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  • Writer's picturePeter Yawitz

How can I make changes in my family's business?

Dear Someone Else’s Dad,

I work for my family’s company and have been given a lot more responsibility in negotiating contracts. Our industry is facing new competition and other changes, and I want to have an impact on the bottom line. The problem is that my dad has longstanding personal relationships with several vendors, yet I’ve been impressed by the professionalism, customer insight, and proposals from some of their competitors. Is it appropriate for me to sever some of my dad’s relationships in order to get better pricing and service?


Almost Heir Apparent

Dear AHA,

Thanks for your note, and congratulations on your expanded role. I applaud you for assessing the value of old relationships as your company faces new market conditions, competitive threats, and technological changes. Although you want to make the right decision for your company, you have to look at all factors, not just the bottom line, before breaking old bonds.

Before signing any contract you should make a business case to your father about why a relationship with a new vendor could benefit your company from financial and efficiency perspectives. Keep in mind, however, that a new vendor may offer you a great price and service in the short term, but it may not have the ability to maintain its pricing arrangement nor have the capacity to grow with you in the future.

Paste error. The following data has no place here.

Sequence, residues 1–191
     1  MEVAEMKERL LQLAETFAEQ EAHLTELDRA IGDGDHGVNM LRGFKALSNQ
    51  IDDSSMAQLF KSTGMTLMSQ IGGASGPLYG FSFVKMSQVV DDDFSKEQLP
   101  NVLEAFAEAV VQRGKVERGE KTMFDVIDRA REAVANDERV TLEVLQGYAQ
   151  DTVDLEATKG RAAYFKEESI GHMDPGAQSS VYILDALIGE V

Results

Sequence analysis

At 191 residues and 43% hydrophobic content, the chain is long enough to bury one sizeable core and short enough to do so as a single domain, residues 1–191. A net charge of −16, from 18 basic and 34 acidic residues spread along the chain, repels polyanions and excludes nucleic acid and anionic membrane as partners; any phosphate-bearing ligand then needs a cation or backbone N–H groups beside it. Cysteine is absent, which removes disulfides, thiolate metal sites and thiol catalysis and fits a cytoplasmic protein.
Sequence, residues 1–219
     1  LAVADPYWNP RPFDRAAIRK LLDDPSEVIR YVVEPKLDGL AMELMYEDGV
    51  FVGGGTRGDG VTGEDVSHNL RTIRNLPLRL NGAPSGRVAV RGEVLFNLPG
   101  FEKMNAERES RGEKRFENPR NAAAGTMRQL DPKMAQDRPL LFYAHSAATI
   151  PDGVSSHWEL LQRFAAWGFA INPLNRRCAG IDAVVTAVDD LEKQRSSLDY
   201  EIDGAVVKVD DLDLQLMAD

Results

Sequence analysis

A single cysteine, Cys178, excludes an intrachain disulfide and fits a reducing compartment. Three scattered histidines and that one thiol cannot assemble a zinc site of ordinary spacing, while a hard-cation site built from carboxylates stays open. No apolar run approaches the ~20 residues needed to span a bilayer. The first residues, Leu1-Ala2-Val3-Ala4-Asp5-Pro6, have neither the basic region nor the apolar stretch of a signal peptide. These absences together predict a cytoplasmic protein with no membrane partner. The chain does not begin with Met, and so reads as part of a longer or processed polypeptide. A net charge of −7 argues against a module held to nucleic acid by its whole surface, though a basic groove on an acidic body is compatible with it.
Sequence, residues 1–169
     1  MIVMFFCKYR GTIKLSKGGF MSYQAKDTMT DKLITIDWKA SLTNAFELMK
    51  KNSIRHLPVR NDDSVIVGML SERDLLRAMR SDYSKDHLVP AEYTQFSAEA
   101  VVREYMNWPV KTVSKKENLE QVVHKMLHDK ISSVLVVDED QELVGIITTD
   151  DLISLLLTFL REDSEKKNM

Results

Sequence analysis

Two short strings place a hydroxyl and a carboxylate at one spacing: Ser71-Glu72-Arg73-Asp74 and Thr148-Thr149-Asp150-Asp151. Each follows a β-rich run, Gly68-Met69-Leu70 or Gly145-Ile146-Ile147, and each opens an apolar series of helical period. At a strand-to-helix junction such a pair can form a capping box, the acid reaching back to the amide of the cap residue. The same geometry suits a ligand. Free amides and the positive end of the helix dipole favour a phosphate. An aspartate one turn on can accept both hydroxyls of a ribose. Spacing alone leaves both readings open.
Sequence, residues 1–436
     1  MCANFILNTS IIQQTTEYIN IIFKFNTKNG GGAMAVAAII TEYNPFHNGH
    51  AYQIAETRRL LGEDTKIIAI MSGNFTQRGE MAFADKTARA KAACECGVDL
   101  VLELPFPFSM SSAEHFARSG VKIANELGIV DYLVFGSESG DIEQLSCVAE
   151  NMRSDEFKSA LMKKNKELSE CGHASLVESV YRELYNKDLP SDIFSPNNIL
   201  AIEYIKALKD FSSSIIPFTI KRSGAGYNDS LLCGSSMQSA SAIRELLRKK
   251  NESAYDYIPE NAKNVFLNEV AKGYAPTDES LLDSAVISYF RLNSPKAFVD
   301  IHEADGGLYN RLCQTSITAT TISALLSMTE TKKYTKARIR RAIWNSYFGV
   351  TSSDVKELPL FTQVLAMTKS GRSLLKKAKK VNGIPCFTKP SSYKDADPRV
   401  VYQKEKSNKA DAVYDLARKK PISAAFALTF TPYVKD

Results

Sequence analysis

I’m not necessarily advocating with staying with a legacy vendor, but remember that long-term relationships may still have lasting benefits, especially if the older vendor understands your company’s culture and has demonstrated that it has helped your company solve difficult challenges, including industry disruptions.

Good luck with your decisions.



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